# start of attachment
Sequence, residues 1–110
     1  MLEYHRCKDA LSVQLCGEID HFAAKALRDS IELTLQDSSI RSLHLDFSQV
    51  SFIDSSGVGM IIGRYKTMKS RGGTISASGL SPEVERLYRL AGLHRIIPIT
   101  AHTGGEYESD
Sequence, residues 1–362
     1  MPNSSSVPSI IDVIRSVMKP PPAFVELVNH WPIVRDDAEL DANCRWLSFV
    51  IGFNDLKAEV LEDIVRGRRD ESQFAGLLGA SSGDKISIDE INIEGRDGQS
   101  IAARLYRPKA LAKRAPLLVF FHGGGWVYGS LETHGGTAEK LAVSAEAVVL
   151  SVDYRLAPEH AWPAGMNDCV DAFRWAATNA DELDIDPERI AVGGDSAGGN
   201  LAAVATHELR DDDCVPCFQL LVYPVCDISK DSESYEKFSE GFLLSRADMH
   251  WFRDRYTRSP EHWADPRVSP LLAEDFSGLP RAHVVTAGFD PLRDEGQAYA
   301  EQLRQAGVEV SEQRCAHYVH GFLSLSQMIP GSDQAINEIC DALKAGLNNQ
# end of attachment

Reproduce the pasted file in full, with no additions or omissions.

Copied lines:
Sequence, residues 1–110
     1  MLEYHRCKDA LSVQLCGEID HFAAKALRDS IELTLQDSSI RSLHLDFSQV
    51  SFIDSSGVGM IIGRYKTMKS RGGTISASGL SPEVERLYRL AGLHRIIPIT
   101  AHTGGEYESD
Sequence, residues 1–362
     1  MPNSSSVPSI IDVIRSVMKP PPAFVELVNH WPIVRDDAEL DANCRWLSFV
    51  IGFNDLKAEV LEDIVRGRRD ESQFAGLLGA SSGDKISIDE INIEGRDGQS
   101  IAARLYRPKA LAKRAPLLVF FHGGGWVYGS LETHGGTAEK LAVSAEAVVL
   151  SVDYRLAPEH AWPAGMNDCV DAFRWAATNA DELDIDPERI AVGGDSAGGN
   201  LAAVATHELR DDDCVPCFQL LVYPVCDISK DSESYEKFSE GFLLSRADMH
   251  WFRDRYTRSP EHWADPRVSP LLAEDFSGLP RAHVVTAGFD PLRDEGQAYA
   301  EQLRQAGVEV SEQRCAHYVH GFLSLSQMIP GSDQAINEIC DALKAGLNNQ